Posts Tagged ‘Invasive Species’

Thursday, November 7, 2019

Local Group Awarded Multi-Year Invasives Contract

APIPP logoThe Nature Conservancy’s Adirondack Park Invasive Plant Program (APIPP) will continue its efforts to protect the region from invasive species — one of the greatest environmental threats facing the Adirondacks — under a new, multi-year contract with the New York State Department of Environmental Conservation (DEC) funded through the Environmental Protection Fund. » Continue Reading.


Tuesday, October 29, 2019

Invasive Ash Borer Closing In On Adirondack Park

emerald ash borer photo courtesy DECThe New York State Department of Environmental Conservation (DEC) has announced that emerald ash borer (EAB) has been confirmed in two locations in Jefferson County. A sample collected from a tree in the city of Watertown on South Massey Street was positively identified by the Cornell University Insect Diagnostic Lab.

The sample was taken in cooperation with the City of Watertown Planning Department and Department of Public Works. A second location was confirmed in the village of Clayton. » Continue Reading.


Thursday, October 24, 2019

New Invasive Intercepted at Lake Champlain Boat Launch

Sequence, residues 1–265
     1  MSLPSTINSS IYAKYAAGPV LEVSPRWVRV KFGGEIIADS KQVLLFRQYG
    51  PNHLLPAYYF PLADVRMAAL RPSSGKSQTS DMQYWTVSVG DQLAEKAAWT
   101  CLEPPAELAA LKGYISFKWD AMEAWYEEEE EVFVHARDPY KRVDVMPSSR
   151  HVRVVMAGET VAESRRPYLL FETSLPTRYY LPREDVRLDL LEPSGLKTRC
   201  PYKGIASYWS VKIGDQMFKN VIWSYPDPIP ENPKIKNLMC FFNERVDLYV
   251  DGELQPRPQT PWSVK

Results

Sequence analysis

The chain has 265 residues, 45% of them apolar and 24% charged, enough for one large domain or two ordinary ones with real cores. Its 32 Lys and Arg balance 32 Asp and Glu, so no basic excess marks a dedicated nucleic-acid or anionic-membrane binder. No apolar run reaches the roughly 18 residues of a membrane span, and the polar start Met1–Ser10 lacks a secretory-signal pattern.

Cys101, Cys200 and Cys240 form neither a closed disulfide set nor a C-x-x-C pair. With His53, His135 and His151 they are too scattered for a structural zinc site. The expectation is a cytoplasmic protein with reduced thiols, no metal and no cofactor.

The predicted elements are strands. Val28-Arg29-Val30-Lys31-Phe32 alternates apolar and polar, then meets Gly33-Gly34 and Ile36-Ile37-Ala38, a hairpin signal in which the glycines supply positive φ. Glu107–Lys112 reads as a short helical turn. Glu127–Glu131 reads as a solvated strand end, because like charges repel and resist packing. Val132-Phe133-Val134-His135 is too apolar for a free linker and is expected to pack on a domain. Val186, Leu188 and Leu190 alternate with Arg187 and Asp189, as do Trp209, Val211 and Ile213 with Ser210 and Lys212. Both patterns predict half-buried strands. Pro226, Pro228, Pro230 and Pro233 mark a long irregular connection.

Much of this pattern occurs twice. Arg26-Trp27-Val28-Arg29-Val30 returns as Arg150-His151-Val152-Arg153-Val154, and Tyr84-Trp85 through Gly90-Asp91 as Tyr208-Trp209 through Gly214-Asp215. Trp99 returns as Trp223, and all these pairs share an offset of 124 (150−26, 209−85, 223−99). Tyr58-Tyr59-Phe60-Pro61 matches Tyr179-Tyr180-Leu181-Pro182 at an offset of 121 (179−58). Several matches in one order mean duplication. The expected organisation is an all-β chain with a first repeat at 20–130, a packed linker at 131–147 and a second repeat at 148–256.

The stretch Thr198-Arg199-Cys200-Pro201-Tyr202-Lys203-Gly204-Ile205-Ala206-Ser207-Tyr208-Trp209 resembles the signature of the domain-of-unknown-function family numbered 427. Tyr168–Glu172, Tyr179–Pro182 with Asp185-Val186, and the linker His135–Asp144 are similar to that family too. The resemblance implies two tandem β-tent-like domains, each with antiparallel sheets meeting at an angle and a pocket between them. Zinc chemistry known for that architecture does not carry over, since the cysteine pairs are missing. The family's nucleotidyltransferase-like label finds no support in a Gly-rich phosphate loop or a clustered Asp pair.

Hydrilla verticillataIn early September, The Lake Champlain Basin Program’s boat launch steward Matthew Gorton was conducting routine boat inspections at the South Hero John Guilmette. There to help prevent the introduction and spread of aquatic invasive species, Gorton noticed an unusual looking plant hanging off a trailer backing into the Lake.

While Lake Champlain is host to 51 known nonnative and invasive aquatic species, Hydrilla verticillata has not yet been found there. The watercraft carrying the plant was last in the Connecticut River, a system in which the highly invasive plant hydrilla is well established. » Continue Reading.


Sunday, October 20, 2019

Blue Mountain Wild Forest Comments Being Sought

Blue Mountain Wild Forest Map Courtesy Adirondack AtlasThe Adirondack Park Agency (APA) and the New York State Department of Environmental Conservation (DEC) are holding a joint public comment period to solicit comments for an amendment to the Blue Mountain Wild Forest Unit Management Plan.

Public comment will be accepted until October 30, 2019. » Continue Reading.